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The Difference Between Closed-End and Open-End Bitcoin Funds

We’ve talked about what Bitcoin ETFs are in a previous article. However, when investors are looking to allocate capital to a Bitcoin fund, there is a common question that arises: what is the difference between an open-ended fund like the Purpose Bitcoin ETF, and a closed-end fund like the Grayscale Bitcoin Trust?

It’s a very important question to ask. Both types of funds operate similarly, but, there are enough differences between the two types of funds to warrant a deeper look into how they operate. Doing so will lead to more educated investing decisions.

Open-end vs. closed-end Bitcoin funds at a glance

  • Shares—In an open-ended fund, shares are issued and retired by the fund operator on a regular basis based on investor demand. In a close-ended fund, a set amount of shares are created at the fund launch, and investors must buy shares from existing investors on secondary markets.
  • Price behaviour—In an open-ended fund, shares can be bought and sold during each day based on the fund’s current net asset value (NAV). Closed-end funds, however, trade based on supply and demand. Because of this, they can often trade at a premium or discount to the fund’s NAV.
Closed-end funds additional layer of price risk

What is a closed-end Bitcoin fund?

A closed-end fund is a type of mutual fund that offers a fixed amount of shares for purchase through an initial public offering. After this, no new shares are created by the fund. However, shares of the fund can be traded on the open market just like any stock or exchange-traded fund (ETF).

Like other mutual funds, these shares derive their value from the underlying asset or assets held in the fund, in this case Bitcoin and Bitcoin derivatives. These funds are almost aways actively managed, meaning that relatively high management fees will be baked into the share price.

As of the time of writing, the Grayscale Bitcoin Trust is the largest closed-end Bitcoin fund in the world.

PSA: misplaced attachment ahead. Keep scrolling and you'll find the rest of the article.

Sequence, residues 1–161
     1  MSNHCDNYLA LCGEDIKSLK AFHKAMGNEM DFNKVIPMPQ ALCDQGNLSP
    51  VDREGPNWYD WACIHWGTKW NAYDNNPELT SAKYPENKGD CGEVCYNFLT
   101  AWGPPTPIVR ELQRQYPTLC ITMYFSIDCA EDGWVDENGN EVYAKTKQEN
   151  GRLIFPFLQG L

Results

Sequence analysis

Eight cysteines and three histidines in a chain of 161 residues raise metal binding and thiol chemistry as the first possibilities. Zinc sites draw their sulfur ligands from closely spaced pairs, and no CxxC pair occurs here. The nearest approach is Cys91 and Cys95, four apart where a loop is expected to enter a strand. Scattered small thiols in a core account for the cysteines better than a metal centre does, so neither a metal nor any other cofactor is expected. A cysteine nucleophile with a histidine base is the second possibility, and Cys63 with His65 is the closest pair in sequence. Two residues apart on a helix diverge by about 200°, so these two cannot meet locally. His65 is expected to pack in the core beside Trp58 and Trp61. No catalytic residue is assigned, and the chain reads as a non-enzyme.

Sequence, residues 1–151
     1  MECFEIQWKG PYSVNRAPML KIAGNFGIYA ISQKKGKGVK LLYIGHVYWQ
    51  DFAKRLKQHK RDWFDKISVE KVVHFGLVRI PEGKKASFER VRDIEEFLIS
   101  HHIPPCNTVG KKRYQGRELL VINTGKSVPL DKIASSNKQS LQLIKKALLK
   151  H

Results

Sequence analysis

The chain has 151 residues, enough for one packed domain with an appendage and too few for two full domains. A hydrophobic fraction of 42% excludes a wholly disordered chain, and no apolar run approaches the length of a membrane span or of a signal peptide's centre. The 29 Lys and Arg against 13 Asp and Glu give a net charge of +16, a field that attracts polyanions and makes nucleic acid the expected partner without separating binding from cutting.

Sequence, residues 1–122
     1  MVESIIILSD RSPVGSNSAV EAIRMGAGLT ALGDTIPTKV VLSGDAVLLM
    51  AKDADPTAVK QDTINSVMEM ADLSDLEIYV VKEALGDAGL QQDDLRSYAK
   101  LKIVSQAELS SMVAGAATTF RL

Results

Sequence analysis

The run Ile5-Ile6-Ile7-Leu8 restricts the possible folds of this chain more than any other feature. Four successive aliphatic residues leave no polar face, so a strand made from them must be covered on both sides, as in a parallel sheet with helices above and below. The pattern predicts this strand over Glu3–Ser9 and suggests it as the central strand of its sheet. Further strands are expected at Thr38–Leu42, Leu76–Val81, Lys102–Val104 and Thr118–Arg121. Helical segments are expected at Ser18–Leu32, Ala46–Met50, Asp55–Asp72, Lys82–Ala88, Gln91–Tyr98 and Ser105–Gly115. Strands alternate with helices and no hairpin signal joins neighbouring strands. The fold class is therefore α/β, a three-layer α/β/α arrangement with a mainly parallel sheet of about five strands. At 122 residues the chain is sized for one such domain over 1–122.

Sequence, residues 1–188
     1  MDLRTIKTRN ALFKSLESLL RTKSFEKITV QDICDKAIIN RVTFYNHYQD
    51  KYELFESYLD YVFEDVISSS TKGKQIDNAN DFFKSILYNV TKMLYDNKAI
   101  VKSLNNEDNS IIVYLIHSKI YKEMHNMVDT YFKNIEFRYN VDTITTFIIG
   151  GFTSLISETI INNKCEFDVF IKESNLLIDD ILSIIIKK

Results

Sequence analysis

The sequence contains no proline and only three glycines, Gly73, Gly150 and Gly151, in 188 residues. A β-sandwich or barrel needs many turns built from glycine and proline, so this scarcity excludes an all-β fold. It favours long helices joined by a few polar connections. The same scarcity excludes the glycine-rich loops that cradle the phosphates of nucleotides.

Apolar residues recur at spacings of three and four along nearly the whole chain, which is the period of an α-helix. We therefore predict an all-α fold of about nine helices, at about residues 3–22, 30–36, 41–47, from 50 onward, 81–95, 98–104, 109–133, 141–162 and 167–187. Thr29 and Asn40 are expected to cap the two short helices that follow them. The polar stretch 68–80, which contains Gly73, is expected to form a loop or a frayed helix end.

What is an open-end Bitcoin fund?

Open-ended funds can be mutual funds, but for this purpose of this article, we’ll focus our attention on open-ended ETFs.

An open-ended Bitcoin ETF doesn’t offer a fixed amount of shares for purchase. It will create new shares to accommodate increased investor demand and use the money from share purchases to add more of the underlying asset to the fund’s holdings. When an investor sells their shares in an open-ended Bitcoin ETF, these shares are taken out of circulation, and assets held in the fund are sold off to pay an investor for their ETF share redemption.

Like closed-end funds, open-ended ETFs will charge a management fee that is factored into the share price, though it will usually be lower.

In Canada, the Purpose Bitcoin ETF is currently the largest open-end Bitcoin fund. It is also the largest spot Bitcoin ETF in the world.

Understanding NAV in open-end and closed-end Bitcoin funds

As we briefly outlined, there are structural differences between the the two types of funds. But it’s important to understand how these structural differences can actually impact a fund’s performance in an investor’s portfolio.

To do this, we’ll start with a brief refresher on net asset value (NAV). NAV is the total number of a fund’s assets minus its total liabilities. This number is used to calculate the price per share of a fund.

For example, say a fund had $100,000 in assets (Bitcoin) and $10 000 in liabilities (outstanding redemptions). It’s NAV would be $90,000.

It’s this dynamic between the NAV and a fund’s structure that ultimately dictates the price behaviour that can negatively or positively affect a portfolio. Because ETFs can create and redeem shares continuously, the value of these shares will more closely mirror the performance of the assets held in the fund.

Closed-end funds also use NAV to determine share price. The big difference is that because closed-end funds only have a set amount of shares in circulation, price of shares is determined more by supply and demand than it is by the value of assets held in the fund.